For right now, you should immediately return the person that performed this procedure to review your situation. If they do not have a product to aid in healing, look for antibacterial creams at your local pharmacy.
Finally, the Alexandrite laser is designed for lighter skin types so if you do have an olive complexion (and after you are healed) look for a physician that uses a Lumenis Lightsheer. It will have less risk with the same results. Good luck.
Burns from LASER Hair removal
During LASER hair treatment, burn can happen in few patients & this is a normal side effect. Shaving the area, proper cooling & right energy selection according to hair & skin type is the key.
I think that your spots will clear slowly & will match to your surrounding skin soon.
See your physician for proper assessment & better management.
-"Dr. M. Khawar Nazir"
Laser Hair Removal Safety
1) Laser Hair Removal should only be performed in a medical office A medical office means the facility is owned and operated by a physician who is on site. Lasers are medical devices and they require physician oversight as per the NC Medical Board.
2) No single laser works effectively on all skin types. The Alexandrite laser has been evaluated as the most effective laser for light to medium skin types and the long pulsed nd yag has been evaluated in medical journals as safest and most effective for darker or tanned skin. If the correct laser is not used, the treatment won't work, and it could possibly mean permanent discoloration to the skin
3) NEVER Sign up for a laser "series" or package People respond to lasers differently. Multiple treatments are required for complete clearance, but not everyone requires the same number of treatments. A laser center confident with their lasers, providers, and protocols will be confident that you will come back for laser treatments without asking you to pay up front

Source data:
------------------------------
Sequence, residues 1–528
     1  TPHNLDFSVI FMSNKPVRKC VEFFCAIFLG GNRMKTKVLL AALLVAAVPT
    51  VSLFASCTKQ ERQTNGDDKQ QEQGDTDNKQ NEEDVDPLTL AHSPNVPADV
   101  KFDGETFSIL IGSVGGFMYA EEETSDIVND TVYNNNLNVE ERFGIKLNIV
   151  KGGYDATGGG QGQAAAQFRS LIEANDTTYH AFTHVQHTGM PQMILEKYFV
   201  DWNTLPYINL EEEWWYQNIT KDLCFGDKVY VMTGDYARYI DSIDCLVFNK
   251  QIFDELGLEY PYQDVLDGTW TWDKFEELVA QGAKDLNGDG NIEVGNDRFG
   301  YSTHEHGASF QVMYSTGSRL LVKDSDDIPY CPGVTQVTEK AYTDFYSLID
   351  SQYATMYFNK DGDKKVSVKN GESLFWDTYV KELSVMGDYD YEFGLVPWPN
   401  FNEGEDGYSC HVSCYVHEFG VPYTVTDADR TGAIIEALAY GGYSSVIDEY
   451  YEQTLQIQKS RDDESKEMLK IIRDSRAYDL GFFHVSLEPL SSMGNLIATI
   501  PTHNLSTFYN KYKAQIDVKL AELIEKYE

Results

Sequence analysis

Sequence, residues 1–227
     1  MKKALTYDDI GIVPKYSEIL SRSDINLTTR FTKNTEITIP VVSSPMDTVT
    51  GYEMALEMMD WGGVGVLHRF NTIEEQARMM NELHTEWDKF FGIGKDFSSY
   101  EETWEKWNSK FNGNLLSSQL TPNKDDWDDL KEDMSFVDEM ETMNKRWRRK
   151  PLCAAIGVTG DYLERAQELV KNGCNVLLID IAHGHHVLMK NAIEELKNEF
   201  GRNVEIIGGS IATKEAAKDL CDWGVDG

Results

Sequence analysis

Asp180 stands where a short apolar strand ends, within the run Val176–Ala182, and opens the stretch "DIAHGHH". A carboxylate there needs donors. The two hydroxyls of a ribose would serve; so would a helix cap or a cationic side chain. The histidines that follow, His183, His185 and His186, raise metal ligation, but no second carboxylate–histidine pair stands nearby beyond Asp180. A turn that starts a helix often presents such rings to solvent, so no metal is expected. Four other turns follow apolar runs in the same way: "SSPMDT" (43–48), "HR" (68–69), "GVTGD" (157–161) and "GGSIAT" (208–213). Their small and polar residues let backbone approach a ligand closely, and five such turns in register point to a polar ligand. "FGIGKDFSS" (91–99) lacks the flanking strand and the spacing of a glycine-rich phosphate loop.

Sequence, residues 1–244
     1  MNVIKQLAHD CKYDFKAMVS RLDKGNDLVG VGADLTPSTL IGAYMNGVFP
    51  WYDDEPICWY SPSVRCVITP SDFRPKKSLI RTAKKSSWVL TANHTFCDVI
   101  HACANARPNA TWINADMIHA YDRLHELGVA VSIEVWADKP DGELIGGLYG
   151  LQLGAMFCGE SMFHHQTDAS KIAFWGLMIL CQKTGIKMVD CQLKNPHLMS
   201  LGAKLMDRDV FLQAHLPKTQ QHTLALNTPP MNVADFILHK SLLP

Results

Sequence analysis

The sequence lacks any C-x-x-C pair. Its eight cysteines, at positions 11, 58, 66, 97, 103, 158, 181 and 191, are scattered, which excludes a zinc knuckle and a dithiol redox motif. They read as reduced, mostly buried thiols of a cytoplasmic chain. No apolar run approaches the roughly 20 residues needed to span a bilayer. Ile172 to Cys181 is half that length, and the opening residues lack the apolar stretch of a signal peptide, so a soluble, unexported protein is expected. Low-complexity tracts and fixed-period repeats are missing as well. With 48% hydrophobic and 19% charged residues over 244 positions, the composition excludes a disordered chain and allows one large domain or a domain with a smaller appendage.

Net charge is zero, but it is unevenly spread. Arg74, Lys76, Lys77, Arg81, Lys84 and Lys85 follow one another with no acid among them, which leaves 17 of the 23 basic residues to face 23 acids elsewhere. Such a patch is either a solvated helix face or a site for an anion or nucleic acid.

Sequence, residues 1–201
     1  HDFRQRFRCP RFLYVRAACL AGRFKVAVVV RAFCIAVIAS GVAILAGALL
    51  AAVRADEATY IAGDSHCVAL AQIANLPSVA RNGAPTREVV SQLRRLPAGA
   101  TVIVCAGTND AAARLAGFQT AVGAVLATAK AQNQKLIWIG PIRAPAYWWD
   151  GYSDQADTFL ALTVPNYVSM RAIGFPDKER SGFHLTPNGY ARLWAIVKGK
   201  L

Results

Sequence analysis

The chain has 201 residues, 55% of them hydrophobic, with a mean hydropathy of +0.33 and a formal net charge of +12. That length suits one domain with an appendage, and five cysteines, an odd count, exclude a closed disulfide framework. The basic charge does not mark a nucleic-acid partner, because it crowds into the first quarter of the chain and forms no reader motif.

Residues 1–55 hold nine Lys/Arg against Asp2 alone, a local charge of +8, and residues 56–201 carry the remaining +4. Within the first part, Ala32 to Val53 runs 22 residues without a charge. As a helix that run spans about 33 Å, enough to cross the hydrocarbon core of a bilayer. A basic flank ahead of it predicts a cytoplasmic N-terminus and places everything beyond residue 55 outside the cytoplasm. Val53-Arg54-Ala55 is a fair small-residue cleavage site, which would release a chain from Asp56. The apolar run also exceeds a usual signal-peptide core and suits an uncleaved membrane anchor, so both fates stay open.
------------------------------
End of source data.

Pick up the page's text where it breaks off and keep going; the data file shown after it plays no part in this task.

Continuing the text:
4) Laser hair removal results cannot be guaranteed Even medical offices that perform thousands of laser treatments each month with outstanding outcomes cannot guarantee results, because physicians are prohibited from offering guaranteed results for medical procedures. If a guarantee is offered for a medical procedure, it should be brought to the attention of the medical board.
5) IPL is not a laser. And it doesn???t work for hair removal There has never been a peer reviewed medical study that determined IPL to be more effective for hair removal than lasers. Research has shown that IPL can permanently damage the skin
6) Size matters The larger the spot size, the deeper the laser can penetrate, allowing the laser energy to disable even the deepest root of unwanted hair. A large (18 mm) spot size also makes for a much faster and effective treatment.
7) The Cooling device makes all the difference in a comfortable treatment A Dynamic Cooling device (DCD) is the only way to provide consistent cooling to the skin, . A DCD sprays cryogen immediately prior to the laser to cool and protect the skin for the most comfortable treatment